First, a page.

However, it was also possible to perceive that all of this came with a cost. Censorship underlies all forms of communication and surveillance is real. Cameras are everywhere and they are connected to powerful face recognition AI systems, with which the government is capable of locating any of the 1.3 billion citizens within less than 15 minutes. Additionally, the government controls most of the relevant companies in the strategic sectors and their jobs are frequently related to political matters. There is also the “Social Credit Scoring System”, which makes use of the surveillance network and scores the citizens in regards of governmental criteria, which is later used to determine what one will be allowed to do. Just like Black Mirror.
However, the lack of freedom imposed to the Chinese seems to irritate the foreigners much more than the actual citizens. Of course, perception of freedom varies greatly across cultures and I am in no position to judge theirs. I might be wrong, but I had the feeling that they are, in general, happy to pay this price in return for everything they are getting.
The environment has also suffered. According to the World Health Organization, 283 out of the 500 most polluted cities in the world are in China and even with their current strong push to reduce carbon footprint, little progress has been achieved yet.
As for the companies visits, I could sense that all of them are trying to change that old western perception of Chinese products and services: “It’s China. It’s Cheap.”. However, there is a notable split in this matter: While most of the companies that we’ve visited impressed us because they are really doing remarkable things, there were a few of them that seemed to have everything staged and designed only to impress, with fabricated speeches and showcases while providing dodgy answers to our questions. I also got this impression while travelling by train, when I saw some buildings, warehouses and factories that happened to be completely empty inside, but looked majestic from the outside.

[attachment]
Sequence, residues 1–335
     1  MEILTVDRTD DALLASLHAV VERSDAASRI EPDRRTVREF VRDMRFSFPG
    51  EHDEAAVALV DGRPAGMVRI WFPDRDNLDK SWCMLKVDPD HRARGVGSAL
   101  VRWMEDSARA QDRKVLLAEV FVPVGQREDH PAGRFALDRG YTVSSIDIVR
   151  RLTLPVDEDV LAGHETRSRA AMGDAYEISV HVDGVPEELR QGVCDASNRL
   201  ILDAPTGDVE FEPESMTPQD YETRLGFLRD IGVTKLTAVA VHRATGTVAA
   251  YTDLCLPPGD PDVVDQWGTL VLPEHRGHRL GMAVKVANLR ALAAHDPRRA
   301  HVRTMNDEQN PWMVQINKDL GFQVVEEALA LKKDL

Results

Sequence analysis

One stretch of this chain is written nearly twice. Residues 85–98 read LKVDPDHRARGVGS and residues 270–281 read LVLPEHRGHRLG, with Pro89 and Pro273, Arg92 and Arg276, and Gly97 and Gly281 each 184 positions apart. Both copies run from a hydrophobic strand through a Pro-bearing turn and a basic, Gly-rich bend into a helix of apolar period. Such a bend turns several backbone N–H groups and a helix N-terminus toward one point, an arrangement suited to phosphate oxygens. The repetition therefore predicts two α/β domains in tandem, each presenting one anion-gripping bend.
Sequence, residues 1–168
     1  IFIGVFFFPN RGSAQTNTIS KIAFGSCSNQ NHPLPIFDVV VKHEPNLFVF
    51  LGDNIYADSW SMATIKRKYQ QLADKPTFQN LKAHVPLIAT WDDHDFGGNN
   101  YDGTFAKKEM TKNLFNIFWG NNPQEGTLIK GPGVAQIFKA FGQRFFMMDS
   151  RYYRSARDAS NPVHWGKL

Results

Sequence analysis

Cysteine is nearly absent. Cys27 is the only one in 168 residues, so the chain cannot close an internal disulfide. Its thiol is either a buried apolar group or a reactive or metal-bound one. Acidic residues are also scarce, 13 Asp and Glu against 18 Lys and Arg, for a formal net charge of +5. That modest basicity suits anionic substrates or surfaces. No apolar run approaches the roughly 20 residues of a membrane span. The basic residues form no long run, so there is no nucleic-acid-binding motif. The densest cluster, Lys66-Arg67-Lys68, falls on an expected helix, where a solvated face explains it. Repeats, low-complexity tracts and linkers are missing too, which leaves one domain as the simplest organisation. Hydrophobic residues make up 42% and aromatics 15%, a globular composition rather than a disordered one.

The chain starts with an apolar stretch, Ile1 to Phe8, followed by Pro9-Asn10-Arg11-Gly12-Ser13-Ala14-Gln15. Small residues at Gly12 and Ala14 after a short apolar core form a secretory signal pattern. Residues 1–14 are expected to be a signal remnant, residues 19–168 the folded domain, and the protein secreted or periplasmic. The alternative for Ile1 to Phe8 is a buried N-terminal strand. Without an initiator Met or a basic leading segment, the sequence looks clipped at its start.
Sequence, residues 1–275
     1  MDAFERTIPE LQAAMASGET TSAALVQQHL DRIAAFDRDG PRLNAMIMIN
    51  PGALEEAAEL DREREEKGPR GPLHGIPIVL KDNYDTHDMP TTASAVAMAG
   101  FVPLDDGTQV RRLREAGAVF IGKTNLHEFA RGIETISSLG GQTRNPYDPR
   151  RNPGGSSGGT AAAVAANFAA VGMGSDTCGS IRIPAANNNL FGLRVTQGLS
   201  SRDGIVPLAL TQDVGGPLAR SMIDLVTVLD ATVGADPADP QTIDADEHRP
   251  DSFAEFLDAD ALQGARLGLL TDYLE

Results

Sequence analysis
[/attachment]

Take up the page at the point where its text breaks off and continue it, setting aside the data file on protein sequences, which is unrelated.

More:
There was also part of the agenda of the companies to show how concerned they were with intellectual property, even though we didn’t touch on that matter. On the other hand, there is another part of the system that clearly does not care about it. There are huge shopping malls with several floors filled with hundreds of small stores that are selling counterfeit items such as designer watches, luggages, handbags, sunglasses and electronics.
Finally, while most of the people were kind and fair, there were some that were constantly trying to scam us in some way. I got scammed twice by taxi drivers and one, believe me, by the concierge of the hotel, that collected our money for the train ticket, and bought us an inferior one and kept the price difference to himself.
I left China with the impression that the astonishing development was only possible due to the vision that created this collaborative effort amongst all sectors, exchanging growth for freedom. It also struck me to see the contrast between the part of society that is trying to build something solid and the part that just wants to get something in their pockets at any cost and that made me wonder: Is there a bubble going on? How much of it all is even real? I have no answer for these questions.
Returning to my also emerging-country, I see that regardless of the answers to my questions, the future is happening somewhere else and during the years alone that we’ve halted everything else to discuss the Brazilian pension funds reform, China has grown more than the whole Brazilian GDP. Indeed, I need to hurry up to catch the next train, but this time, I’ll make sure I’ll buy my own ticket!Back to top of article